ECB ready to launch €40bn quantitative easing programme

Frankfurt looks set to follow peers in Britain and US in an attempt to revive inflation

Mario Draghi, president of the European Central Bank (ECB), pauses during a news conference at the ECB headquarters in Frankfurt. Photographer: Hannelore Foerster/Bloomberg

The European Central Bank is to embark on a large-scale quantitative easing (QE) programme, following its peers in Britain, Japan and the US, in an attempt to revive inflation.

According to JPMorgan Chase, Frankfurt will buy as much as €40 billion of asset-backed securities as part of a program to stimulate the region’s economy, according to JPMorgan Chase.

The central bank will limit purchases to the new-issue market over a three-year period and focus on securities with the highest credit ratings, the New York-based bank wrote in a note to clients.

It is not clear if ECB president Mario Draghi will announce the measure at tomorrow's monthly meeting.


About €47 billion of asset-backed debt has been sold in the region this year.

JPMorgan said the ECB was preparing to buy asset-backed securities as it strives to revive lending to small-and medium-sized businesses that employ about 70 per cent of the European Union’s private-sector workers.

While the region’s outstanding asset-backed securities market is as large as €1.2 trillion, a purchase program of this magnitude would necessitate it being expanded beyond SME-backed loans, the analysts said in the note.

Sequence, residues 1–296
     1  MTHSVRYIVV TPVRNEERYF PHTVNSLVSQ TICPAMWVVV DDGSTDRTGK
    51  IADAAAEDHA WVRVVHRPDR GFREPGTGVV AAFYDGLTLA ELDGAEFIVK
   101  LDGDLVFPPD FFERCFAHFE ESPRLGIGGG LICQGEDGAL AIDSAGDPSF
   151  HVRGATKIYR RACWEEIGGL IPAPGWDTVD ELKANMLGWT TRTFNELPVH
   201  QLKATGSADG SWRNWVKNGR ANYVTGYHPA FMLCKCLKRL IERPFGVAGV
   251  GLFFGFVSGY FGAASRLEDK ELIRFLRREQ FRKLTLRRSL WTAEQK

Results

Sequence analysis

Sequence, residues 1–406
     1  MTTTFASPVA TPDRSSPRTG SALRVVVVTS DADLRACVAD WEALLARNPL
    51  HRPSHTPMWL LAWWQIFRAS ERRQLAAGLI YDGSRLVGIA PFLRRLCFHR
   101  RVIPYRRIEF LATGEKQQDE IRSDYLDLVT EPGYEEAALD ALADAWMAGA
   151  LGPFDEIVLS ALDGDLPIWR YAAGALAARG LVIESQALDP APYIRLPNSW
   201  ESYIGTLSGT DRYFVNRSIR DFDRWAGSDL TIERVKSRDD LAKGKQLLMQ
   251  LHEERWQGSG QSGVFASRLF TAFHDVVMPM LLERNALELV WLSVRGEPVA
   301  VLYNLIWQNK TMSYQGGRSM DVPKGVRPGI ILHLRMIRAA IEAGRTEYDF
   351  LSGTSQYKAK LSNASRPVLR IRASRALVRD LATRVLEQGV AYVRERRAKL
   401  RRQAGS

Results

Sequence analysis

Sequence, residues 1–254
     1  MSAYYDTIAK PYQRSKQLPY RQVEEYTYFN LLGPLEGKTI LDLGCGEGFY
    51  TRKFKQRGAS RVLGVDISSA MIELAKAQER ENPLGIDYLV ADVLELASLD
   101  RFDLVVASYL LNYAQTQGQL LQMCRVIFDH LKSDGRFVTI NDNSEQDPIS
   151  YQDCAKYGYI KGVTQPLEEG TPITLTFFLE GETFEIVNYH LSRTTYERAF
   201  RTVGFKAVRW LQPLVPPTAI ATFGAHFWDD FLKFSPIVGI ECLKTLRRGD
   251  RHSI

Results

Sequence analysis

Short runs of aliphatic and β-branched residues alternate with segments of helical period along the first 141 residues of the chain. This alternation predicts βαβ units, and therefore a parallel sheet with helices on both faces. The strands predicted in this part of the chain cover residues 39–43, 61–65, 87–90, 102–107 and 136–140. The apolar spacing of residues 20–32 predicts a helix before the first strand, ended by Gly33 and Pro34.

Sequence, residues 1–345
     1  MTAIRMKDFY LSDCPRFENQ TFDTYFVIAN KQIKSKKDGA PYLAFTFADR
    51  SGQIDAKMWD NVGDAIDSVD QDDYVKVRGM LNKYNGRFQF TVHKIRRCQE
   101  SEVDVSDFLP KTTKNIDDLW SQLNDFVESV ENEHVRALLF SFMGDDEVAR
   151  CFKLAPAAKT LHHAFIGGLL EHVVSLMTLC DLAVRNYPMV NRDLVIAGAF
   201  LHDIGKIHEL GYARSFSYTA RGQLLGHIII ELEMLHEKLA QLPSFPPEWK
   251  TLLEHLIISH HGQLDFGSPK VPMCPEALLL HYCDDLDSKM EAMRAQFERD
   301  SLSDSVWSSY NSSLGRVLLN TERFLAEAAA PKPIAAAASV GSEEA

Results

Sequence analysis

“The purchase plan is important for a number of reasons, but broadly because it puts downward pressure on the cost of issuing ABS, and ultimately feeds into lower product margins on real economy lending,” an analyst said.

The ECB has hired BlackRock to provide advice as it thrashes out the final design of its plan, including how much, which assets, and what ranking of bonds it will buy.

Mr Draghi has been promoting securities backed by loans to SMEs in a bid to increase the supply of credit to Europe’s businesses.

According to currency strategists polled by Reuters, the euro already reflects the likelihood of an ECB asset- purchase programme, but the currency will probably continue to fall in the year ahead as a US dollar rally gathers pace.

The euro has weakened around 1 per cent since Mr Draghi dropped a heavy hint last month at Jackson Hole that he was prepared to print money and support relaxing fiscal policy to avoid deflation and another recession in the region.

"A lot of the impact of QE comes pre-announcement and an asset-backed securities programme is, in my view, fully priced in," said Derek Halpenny, European head of market research at BTMU in London.

He added the probability of the ECB buying sovereign debt, as opposed to its widely discussed plans to deepen an ABS market in Europe from which it can make purchases, is only partly reflected in the current euro exchange rate.

Bloomberg and Reuters